Entrepreneurial Spirit

Swedish authorities investigating a wave of graffiti on local buildings charged the owner and three former employees of a company that specializes in cleaning up graffiti. The owner of the firm from Orebro said he came up with the idea when business began falling off in the mid-1990s. "It all began as a bad joke," he told the newspaper Orebro-Kuriren, "but after a few quiet months it became a reality. We used to get drunk in the evening and then go spray the buildings. The following day we used to contact the building's owner and offer them our services."

Politically Correct

Authorities in India's Jammu and Kashmir state have banned the use of the word "widow" in official records. They insist the word only adds to the women's depression. Instead, according to a government statement, "the government has ordered that all government offices use the expression 'wife of late' ... in official records."

Way to Go

Peter John Robinson, 28, of Reefton on New Zealand's South Island, slipped on ice while walking down his back door ramp to feed his cat. He hit his head on the concrete ramp, landed face down in the cat's water bowl and drowned in 2.6 inches of water.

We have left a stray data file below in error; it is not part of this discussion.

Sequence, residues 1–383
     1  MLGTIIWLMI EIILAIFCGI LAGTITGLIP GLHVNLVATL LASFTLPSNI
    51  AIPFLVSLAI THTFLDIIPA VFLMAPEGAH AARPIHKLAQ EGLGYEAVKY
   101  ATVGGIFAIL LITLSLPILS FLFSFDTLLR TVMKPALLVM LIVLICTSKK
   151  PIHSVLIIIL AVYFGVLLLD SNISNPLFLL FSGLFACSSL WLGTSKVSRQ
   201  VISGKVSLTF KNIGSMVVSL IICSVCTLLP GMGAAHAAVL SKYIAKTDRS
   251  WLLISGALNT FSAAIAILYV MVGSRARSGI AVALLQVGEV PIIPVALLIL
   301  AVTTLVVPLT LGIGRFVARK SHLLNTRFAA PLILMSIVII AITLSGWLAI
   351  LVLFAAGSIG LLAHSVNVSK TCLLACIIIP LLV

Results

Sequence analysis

Gary Turpin, 36, of Manchester, England, slipped on a footpath near his front door and landed on his back in a 6-inch-deep puddle. The impact sent a rush of water down his throat, and the shock of it stopped his heart. He was found dead with his nose sticking out of the water, a victim, authorities said, of dry drowning.

Janice L. Ruetz, 52, of Purcellville, Va., was killed while horseback riding when she was stung by a bee and fell from her horse. While her riding partners went for help, Ruetz, who was allergic to bee stings, used a mobile phone to summon a neighbor to assist her. Loudoun County Sheriff Stephen O. Simpson told the Washington Post that the neighbor did not see Ruetz laying in the tall grass on the private road and ran over her.

No. 1 Solution